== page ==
‘Then you do know what to say to him.’
‘No, I don’t, Priscilla. I don’t know at all.’
’Look here, dearest. What my aunt offers to you is a very great step in life. If you can accept this gentleman I think you would be happy and I think, also, which should be of more importance for your consideration, that you would make him happy. It is a brighter prospect, dear Dolly, than to live either with us at Nuncombe, or even with Aunt Stanbury as her niece.’
‘But if I don’t love him, Priscilla?’
‘Then give it up, and be as you are, my own, own, dearest sister.’
‘So I will,’ said Dorothy, and at that time her mind was made up.
MR BROOKE BURGESS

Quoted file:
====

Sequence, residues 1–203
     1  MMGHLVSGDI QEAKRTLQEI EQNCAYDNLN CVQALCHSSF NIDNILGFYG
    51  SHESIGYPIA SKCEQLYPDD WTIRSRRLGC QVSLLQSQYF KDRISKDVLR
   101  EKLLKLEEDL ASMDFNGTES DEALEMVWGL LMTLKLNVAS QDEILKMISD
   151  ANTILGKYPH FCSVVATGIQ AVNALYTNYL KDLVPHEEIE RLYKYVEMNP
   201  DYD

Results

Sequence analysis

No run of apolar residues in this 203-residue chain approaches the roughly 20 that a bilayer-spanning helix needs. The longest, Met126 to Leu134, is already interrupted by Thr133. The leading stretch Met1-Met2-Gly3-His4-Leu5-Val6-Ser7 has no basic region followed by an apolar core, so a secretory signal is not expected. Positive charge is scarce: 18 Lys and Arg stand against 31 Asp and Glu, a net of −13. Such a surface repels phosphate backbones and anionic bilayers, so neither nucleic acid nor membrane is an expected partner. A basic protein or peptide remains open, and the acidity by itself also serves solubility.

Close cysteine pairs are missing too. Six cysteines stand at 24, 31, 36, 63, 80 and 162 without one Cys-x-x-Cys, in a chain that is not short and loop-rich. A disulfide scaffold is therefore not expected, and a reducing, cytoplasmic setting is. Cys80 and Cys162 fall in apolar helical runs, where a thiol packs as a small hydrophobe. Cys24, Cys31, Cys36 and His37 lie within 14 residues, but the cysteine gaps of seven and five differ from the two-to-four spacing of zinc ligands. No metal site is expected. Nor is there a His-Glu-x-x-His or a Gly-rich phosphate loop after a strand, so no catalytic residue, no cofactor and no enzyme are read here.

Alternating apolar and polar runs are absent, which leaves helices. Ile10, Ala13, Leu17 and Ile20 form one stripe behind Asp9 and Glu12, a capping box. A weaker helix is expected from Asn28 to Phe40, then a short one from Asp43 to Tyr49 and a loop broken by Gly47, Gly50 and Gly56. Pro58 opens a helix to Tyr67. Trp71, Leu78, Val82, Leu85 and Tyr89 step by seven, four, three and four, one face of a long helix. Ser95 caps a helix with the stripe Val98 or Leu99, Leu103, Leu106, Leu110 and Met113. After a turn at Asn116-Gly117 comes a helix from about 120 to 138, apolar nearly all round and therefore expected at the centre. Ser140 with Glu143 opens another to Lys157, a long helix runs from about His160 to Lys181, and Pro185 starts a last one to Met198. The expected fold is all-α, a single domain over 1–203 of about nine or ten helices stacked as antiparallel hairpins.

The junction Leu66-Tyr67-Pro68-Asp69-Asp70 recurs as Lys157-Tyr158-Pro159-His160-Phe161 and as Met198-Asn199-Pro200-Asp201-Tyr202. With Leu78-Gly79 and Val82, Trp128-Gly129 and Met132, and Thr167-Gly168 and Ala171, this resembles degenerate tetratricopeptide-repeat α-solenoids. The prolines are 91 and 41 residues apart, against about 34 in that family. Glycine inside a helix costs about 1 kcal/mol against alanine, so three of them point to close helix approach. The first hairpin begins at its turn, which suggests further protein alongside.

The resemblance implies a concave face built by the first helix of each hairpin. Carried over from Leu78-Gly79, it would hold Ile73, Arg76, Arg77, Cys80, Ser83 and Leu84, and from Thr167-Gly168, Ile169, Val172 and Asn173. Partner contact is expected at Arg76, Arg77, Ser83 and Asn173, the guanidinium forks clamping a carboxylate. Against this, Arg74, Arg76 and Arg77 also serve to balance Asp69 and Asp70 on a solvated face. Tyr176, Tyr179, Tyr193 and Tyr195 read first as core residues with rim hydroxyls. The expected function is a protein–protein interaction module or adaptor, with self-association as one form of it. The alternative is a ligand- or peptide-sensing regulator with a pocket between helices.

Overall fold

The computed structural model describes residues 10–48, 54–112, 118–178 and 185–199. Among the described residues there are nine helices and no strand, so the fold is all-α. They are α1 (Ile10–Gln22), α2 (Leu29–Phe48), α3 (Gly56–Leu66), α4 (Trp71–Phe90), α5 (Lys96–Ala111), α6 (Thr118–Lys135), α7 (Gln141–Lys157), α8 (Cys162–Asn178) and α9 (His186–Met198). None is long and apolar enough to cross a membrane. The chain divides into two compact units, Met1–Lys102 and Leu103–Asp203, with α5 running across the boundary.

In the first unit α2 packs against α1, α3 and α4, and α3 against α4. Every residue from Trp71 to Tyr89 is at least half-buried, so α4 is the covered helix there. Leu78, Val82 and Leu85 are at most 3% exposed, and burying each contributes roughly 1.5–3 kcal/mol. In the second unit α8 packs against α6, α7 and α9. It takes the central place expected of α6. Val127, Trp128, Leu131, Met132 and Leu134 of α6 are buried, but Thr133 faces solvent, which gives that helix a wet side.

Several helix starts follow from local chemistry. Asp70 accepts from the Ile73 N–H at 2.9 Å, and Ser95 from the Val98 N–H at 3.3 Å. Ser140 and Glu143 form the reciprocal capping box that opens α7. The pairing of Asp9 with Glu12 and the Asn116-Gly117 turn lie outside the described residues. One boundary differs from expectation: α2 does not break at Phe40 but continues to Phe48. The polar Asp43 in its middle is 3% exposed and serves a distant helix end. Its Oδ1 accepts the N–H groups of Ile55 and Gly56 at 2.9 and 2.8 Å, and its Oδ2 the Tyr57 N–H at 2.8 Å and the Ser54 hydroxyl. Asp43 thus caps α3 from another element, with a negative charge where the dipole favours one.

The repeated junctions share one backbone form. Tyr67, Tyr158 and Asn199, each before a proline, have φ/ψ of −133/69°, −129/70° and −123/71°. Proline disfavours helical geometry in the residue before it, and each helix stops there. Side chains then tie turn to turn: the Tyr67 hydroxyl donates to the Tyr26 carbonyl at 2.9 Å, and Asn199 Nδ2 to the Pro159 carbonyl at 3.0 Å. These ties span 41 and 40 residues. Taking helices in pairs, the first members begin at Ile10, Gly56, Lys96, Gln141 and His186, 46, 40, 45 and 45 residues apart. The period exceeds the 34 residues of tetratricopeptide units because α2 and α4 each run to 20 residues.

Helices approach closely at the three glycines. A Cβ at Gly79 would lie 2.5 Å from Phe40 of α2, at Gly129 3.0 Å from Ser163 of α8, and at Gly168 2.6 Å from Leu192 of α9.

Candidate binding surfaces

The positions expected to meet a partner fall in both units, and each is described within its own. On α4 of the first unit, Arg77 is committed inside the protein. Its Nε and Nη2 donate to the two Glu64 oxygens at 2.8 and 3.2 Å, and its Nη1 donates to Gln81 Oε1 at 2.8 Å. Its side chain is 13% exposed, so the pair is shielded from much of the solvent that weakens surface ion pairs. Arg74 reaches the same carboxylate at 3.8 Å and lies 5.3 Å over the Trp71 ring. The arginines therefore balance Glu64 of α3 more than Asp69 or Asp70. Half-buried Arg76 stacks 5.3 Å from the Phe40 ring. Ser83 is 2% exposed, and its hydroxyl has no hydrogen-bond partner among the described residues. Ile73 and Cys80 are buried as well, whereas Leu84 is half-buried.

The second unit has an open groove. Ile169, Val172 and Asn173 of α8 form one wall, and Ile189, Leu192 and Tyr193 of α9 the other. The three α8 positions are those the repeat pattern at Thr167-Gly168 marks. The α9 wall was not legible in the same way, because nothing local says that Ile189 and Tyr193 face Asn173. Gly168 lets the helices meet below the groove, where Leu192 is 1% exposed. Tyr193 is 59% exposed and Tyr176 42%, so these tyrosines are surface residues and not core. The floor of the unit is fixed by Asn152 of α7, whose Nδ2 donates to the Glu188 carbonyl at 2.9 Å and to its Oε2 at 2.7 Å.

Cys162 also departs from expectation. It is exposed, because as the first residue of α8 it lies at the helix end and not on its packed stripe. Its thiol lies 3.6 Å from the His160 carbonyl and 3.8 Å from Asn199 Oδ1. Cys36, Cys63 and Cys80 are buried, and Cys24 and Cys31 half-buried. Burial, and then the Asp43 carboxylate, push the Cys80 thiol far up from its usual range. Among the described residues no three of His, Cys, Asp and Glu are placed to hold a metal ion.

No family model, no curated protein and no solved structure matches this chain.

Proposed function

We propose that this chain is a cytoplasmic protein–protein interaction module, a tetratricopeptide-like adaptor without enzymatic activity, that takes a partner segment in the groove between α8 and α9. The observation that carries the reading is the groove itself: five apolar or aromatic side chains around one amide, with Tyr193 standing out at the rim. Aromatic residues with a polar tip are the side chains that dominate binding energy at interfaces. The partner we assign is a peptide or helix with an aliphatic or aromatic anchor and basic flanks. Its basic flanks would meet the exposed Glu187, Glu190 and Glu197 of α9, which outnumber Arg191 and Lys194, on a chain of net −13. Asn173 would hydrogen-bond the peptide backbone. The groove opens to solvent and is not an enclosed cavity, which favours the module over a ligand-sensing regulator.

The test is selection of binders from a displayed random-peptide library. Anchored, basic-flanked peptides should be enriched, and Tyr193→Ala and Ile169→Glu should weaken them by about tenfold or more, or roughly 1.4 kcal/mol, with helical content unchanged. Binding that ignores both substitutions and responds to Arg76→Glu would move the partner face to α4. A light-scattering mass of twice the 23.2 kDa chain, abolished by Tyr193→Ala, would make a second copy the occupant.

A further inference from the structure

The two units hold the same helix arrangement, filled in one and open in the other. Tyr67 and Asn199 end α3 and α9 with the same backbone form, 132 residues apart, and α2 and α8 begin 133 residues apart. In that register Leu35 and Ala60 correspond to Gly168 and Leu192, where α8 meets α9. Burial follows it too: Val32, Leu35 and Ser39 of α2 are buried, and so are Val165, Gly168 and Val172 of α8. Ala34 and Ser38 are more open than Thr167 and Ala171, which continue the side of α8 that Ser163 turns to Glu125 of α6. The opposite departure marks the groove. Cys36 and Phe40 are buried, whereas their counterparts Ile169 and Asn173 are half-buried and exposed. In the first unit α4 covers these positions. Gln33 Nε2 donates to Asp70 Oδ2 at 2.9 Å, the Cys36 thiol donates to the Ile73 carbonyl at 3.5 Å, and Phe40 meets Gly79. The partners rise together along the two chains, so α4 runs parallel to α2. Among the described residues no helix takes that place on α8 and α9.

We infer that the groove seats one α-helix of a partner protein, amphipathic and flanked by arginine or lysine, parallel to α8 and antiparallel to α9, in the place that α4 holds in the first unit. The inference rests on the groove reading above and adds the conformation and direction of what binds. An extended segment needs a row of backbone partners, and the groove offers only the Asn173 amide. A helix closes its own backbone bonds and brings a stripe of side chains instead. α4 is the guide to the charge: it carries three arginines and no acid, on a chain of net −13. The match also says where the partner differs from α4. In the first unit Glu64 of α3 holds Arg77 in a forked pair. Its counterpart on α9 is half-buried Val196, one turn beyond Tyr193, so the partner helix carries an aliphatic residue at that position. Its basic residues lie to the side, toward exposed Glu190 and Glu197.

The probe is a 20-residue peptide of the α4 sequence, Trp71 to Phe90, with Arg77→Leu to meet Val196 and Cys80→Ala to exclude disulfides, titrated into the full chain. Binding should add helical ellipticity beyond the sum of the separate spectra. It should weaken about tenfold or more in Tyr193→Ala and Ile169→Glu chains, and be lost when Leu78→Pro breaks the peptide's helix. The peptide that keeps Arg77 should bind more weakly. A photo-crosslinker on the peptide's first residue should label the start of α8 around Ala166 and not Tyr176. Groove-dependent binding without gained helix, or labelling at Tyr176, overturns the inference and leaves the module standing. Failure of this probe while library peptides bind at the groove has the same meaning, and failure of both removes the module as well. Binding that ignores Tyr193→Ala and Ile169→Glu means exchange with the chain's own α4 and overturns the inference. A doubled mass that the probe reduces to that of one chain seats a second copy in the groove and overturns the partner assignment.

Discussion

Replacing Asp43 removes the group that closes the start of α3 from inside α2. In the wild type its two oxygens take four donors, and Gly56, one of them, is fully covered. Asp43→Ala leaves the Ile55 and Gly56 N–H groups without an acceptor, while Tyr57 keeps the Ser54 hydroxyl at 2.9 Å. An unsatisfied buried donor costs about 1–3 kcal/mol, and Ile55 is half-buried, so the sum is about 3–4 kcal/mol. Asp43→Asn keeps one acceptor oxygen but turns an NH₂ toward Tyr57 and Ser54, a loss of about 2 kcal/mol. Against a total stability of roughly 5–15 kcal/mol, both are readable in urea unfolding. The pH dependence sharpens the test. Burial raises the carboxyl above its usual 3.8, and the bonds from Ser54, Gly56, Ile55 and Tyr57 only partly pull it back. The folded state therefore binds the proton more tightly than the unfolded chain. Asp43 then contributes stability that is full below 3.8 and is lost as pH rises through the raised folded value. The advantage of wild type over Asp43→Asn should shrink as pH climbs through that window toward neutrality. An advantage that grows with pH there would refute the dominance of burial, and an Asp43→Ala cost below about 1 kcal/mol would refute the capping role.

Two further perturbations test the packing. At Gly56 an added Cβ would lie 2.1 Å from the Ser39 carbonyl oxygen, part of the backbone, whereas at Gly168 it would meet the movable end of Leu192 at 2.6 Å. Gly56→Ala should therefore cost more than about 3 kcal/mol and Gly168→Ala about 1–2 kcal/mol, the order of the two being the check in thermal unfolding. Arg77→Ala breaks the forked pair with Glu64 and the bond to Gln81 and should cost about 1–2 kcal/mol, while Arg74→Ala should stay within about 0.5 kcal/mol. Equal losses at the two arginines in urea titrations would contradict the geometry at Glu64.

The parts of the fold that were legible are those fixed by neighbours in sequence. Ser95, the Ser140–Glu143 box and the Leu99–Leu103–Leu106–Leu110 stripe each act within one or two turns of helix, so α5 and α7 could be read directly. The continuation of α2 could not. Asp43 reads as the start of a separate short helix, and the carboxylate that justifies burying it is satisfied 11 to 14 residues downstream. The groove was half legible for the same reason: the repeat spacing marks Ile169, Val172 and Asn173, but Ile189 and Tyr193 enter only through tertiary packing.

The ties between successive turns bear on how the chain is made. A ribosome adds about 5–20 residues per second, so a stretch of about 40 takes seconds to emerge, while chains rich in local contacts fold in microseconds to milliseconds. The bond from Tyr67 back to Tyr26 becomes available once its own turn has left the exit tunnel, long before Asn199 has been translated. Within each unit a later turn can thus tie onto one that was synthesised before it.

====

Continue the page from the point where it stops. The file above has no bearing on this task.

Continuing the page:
The hour at which Mr Brooke Burgess was to arrive had come round, and Miss Stanbury was in a twitter, partly of expectation, and partly, it must be confessed, of fear. Why there should be any fear she did not herself know, as she had much to give and nothing to expect. But she was afraid, and was conscious of it, and was out of temper because she was ashamed of herself. Although it would be necessary that she should again dress for dinner at six, she had put on a clean cap at four, and appeared at that early hour in one of her gowns which was not customarily in use for home purposes at that early hour. She felt that she was ‘an old fool’ for her pains, and was consequently cross to poor Dorothy. And there were other reasons for some display of harshness to her niece. Mr Gibson had been at the house that very morning, and Dorothy had given herself airs. At least, so Miss Stanbury thought. And during the last three or four days, whenever Mr Gibson’s name had been mentioned, Dorothy had become silent, glum, and almost obstructive. Miss Stanbury had been at the trouble of explaining that she was specially anxious to have that little matter of the engagement settled at once. She knew that she was going to behave with great generosity, that she was going to sacrifice, not her money only, of which she did not think much, but a considerable portion of her authority, of which she did think a great deal; and that she was about to behave in a manner which demanded much gratitude. But it seemed to her that Dorothy was not in the least grateful. Hugh had proved himself to be ’a mass of ingratitude,’ as she was in the habit of saying. None of the Burgesses had ever shewn to her any gratitude for promises made to them, or, indeed, for any substantial favours conferred upon them. And now Dorothy, to whom a very seventh heaven of happiness had been opened—a seventh heaven, as it must be computed in comparison with her low expectations—now Dorothy was already shewing how thankless she could become. Mr Gibson had not yet declared his passion, but he had freely admitted to Miss Stanbury that he was prepared to do so. Priscilla had been quite right in her suggestion that there was a clear understanding between the clergyman and her aunt.